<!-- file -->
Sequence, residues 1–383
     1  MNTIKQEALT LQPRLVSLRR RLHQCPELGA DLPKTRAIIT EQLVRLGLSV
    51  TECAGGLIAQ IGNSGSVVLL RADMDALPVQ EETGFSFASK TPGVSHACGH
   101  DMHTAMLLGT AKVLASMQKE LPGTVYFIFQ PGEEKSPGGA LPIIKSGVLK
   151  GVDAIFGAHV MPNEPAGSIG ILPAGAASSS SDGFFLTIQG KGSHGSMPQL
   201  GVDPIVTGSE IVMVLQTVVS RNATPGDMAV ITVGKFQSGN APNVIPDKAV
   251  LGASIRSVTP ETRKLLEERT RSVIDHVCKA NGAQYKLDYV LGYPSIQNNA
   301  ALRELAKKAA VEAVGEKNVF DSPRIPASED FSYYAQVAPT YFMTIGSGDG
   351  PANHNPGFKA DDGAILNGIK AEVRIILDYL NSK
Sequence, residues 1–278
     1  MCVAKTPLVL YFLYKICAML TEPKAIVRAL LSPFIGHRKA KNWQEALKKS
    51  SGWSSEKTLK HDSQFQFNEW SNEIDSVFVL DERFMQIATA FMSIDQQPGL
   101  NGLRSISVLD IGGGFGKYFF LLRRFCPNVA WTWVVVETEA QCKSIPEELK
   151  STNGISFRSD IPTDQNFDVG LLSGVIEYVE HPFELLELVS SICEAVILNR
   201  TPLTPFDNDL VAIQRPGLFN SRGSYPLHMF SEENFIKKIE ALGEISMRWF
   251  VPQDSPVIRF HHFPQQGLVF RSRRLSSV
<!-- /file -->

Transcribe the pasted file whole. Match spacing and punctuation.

Sequence, residues 1–383
     1  MNTIKQEALT LQPRLVSLRR RLHQCPELGA DLPKTRAIIT EQLVRLGLSV
    51  TECAGGLIAQ IGNSGSVVLL RADMDALPVQ EETGFSFASK TPGVSHACGH
   101  DMHTAMLLGT AKVLASMQKE LPGTVYFIFQ PGEEKSPGGA LPIIKSGVLK
   151  GVDAIFGAHV MPNEPAGSIG ILPAGAASSS SDGFFLTIQG KGSHGSMPQL
   201  GVDPIVTGSE IVMVLQTVVS RNATPGDMAV ITVGKFQSGN APNVIPDKAV
   251  LGASIRSVTP ETRKLLEERT RSVIDHVCKA NGAQYKLDYV LGYPSIQNNA
   301  ALRELAKKAA VEAVGEKNVF DSPRIPASED FSYYAQVAPT YFMTIGSGDG
   351  PANHNPGFKA DDGAILNGIK AEVRIILDYL NSK
Sequence, residues 1–278
     1  MCVAKTPLVL YFLYKICAML TEPKAIVRAL LSPFIGHRKA KNWQEALKKS
    51  SGWSSEKTLK HDSQFQFNEW SNEIDSVFVL DERFMQIATA FMSIDQQPGL
   101  NGLRSISVLD IGGGFGKYFF LLRRFCPNVA WTWVVVETEA QCKSIPEELK
   151  STNGISFRSD IPTDQNFDVG LLSGVIEYVE HPFELLELVS SICEAVILNR
   201  TPLTPFDNDL VAIQRPGLFN SRGSYPLHMF SEENFIKKIE ALGEISMRWF
   251  VPQDSPVIRF HHFPQQGLVF RSRRLSSV